On the eve of 14th August when the entire nation was supposed to be busy celebrating ‘Independence Day’, news of a shot being fired at Khadija Siddiqui’s house flooded media outlets.
Khadija Siddiqui ─ who was stabbed 23 times in 2016 by a man named Shah Hussain ─ was attacked as unidentified assailants allegedly opened fired at her car outside her residence in Lahore’s Gulberg area. The incident took place soon after the release of Shah Hussain, last month in July, after serving only three-and-a-half years of his original sentence, under remission rules.
The incident came as a major blow to the case for women in the country, as it is a reminder of the excessive insecurity and lack of protection that comes with being a women in Pakistan.
As the idea of being ‘independent’, implies the sentiment that each individual: male or female, Muslim or non-muslim and rich or poor, is a free and independent individual, free to make their own choices, the question then becomes: Can Pakistani women really claim to be free and independent in their country? Or is the idea of ‘Azaadi’ reserved for male citizens only?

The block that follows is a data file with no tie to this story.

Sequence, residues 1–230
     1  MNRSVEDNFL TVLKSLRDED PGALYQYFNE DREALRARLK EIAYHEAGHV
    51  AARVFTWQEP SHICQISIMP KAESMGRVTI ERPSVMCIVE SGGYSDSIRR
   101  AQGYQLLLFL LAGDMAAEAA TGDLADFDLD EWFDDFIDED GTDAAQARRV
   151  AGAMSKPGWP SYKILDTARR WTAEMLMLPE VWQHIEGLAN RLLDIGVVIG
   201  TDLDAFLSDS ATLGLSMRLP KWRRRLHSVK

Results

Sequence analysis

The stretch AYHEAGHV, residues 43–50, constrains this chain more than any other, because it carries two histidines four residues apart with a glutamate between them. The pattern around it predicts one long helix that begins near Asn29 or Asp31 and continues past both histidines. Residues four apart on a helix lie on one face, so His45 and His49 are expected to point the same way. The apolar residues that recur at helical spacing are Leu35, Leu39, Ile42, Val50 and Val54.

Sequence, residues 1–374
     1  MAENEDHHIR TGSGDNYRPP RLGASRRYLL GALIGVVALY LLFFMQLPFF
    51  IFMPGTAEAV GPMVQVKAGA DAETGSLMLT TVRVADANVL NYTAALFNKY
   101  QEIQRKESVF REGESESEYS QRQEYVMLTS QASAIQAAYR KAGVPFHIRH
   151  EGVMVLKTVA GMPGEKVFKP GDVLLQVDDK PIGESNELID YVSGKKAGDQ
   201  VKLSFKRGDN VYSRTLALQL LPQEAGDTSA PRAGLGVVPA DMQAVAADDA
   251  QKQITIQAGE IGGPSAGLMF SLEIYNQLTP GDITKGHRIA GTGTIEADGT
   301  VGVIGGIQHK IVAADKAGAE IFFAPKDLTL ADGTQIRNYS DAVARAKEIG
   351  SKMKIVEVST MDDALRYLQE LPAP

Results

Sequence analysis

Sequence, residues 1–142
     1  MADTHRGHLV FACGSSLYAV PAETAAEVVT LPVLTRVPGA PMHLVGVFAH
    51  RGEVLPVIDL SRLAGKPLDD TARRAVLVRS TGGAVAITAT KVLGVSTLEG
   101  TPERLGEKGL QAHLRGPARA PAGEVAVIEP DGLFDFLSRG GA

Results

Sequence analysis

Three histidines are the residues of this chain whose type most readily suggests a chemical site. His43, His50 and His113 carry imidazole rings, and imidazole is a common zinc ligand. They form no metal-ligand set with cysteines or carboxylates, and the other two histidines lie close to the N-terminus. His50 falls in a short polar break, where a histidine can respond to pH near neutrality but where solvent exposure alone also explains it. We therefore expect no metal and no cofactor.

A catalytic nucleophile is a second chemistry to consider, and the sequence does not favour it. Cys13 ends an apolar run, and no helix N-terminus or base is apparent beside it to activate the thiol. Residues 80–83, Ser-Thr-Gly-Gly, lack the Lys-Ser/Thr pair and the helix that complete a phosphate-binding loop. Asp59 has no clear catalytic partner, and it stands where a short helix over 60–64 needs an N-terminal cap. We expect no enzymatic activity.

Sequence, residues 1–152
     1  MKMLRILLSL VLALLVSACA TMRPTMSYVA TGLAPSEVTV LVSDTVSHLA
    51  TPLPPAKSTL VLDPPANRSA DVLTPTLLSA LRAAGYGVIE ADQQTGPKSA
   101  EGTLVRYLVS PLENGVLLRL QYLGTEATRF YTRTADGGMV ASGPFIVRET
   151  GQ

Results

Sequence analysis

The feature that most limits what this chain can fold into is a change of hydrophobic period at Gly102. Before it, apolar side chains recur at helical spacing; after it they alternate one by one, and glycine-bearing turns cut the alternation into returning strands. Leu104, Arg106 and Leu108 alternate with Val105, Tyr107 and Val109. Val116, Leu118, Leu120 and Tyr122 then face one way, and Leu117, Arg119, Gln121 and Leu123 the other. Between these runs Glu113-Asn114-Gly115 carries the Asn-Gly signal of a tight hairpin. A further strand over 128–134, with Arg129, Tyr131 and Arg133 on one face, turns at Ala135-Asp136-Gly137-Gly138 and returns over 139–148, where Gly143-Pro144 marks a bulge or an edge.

In light of all the recent cases of femicide in Pakistan, the rising rate of violence against women and the general male-dominated air in the city which leaves little breathing space for the women in the country, it becomes pertinent to ask whether or not, there even is any ‘Azaadi’ or freedom for Pakistani women, who still have to depend on their male counterparts for a large number of basic rights and privileges.
In lieu of all this recent incident and the impact it has left behind, what is your opinion on the subject of women and the extent to which they can consider themselves to be free and independent citizens of Pakistan? Let us know your thoughts in the comments section below.